Golden and Death Crosses Explained

Golden and Death Crosses Explained

One of the oldest concepts in technical analysis, trading with moving averages helps traders keeping an objective eye on the market. There are many types of moving averages traders can use these days, like the SMA (Simple Moving Average) or EMA (Exponential Moving Average), but the interpretation is the same.

The reason why they differ comes from the way they are calculated. An SMA, for instance, averages the closing price of the previous periods to calculate a value corresponding to the current price.

For any moving average, the more extended the period considered, the flatter the line will become.

Traders use moving averages to divide the market between bullish and bearish conditions. As such, when the price sits above the moving average, the market is bullish, and traders look to buy the dips.

Conversely, when it sits below the moving average, the market is bearish, and traders sell the spikes.

The EURUSD daily chart above shows the MA(50) splitting the price into bullish and bearish conditions. While the price remains below the blue line, traders look to sell the spikes. A move back above it translates in bullish conditions.

The Concept of Golden and Death Crosses

In time, traders started using multiple moving averages on the same chart. The idea is to combine their periods in such a way to obtain bullish and bearish signals.

And so did the concept of a golden and death cross appear. It uses two SMA’s:

  • SMA(200)
  • SMA(50)

As the name suggests, a golden cross shows bullish conditions. When the SMA(50) crosses above the SMA(200), the market becomes bullish, and traders will look to buy into support.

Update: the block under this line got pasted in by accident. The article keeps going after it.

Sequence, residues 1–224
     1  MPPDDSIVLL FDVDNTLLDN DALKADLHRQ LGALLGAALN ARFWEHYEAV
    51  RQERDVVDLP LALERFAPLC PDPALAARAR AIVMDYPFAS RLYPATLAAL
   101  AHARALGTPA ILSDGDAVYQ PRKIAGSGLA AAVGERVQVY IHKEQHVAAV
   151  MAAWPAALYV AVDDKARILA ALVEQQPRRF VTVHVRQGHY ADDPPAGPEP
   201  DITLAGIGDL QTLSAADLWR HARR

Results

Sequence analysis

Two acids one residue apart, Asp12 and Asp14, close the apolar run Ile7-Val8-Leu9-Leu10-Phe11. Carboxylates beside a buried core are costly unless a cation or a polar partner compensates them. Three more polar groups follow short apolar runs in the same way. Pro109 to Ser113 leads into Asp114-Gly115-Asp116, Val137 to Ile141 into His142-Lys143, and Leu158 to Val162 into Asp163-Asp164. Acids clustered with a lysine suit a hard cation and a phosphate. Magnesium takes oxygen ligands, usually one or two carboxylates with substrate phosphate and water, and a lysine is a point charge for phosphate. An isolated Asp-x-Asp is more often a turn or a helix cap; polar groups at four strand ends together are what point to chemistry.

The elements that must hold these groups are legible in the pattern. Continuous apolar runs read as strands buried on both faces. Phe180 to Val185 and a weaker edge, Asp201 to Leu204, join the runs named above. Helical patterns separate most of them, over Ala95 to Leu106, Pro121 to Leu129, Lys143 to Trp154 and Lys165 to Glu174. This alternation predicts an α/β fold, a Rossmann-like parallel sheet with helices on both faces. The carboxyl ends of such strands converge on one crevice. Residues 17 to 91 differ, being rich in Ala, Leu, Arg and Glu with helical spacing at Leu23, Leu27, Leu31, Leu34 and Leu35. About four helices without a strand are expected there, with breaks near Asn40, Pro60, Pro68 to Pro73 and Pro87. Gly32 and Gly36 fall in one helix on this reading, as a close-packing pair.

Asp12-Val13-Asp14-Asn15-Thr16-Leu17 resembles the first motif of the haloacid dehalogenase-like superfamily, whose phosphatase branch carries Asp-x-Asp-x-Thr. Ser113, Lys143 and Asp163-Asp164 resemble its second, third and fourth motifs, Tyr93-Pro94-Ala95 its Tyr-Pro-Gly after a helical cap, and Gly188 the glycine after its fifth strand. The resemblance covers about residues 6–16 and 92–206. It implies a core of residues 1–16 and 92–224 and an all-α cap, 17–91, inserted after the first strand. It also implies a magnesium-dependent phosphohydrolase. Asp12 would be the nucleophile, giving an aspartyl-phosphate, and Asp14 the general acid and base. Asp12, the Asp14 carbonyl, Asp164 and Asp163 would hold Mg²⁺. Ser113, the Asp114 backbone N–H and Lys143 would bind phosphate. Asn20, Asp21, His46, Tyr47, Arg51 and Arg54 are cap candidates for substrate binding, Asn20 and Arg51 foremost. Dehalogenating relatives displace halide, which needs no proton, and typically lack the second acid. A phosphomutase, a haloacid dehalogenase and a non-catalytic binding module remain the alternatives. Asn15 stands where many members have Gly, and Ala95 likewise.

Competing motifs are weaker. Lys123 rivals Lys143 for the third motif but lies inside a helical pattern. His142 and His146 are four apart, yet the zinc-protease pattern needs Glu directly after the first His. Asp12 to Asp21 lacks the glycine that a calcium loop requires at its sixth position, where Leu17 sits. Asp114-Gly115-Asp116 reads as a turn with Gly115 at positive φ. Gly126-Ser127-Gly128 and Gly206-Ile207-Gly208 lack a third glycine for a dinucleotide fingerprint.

Support, on the other hand, comes at two levels: on the SMA(50), but also a stronger one on the SMA(200). Apparently, support and resistance depending on the timeframe the two averages are plotted too.

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A death cross appears when the SMA(50) moves below the SMA(200). The price shows bearish conditions and will meet resistance every time it spikes into the SMA(50) or SMA(200).

As a rule of thumb, for as long as the moving averages remain aligned, the trending conditions will persist.

The advantage of trading with golden and death crosses is that traders can quickly follow the trend. Moreover, knowing the general direction, they will buy the dips after a golden cross and sell the spikes after a death one.

Conclusion

Trading with golden and death crosses is one of the most straightforward technical analysis concepts. The beauty part of it is that it works on all timeframes and on all currency pairs.

Naturally, the bigger the timeframe, the stronger the implications for the market. Ignoring a golden or death cross comes at the trader’s expense.

This article was written by AMarkets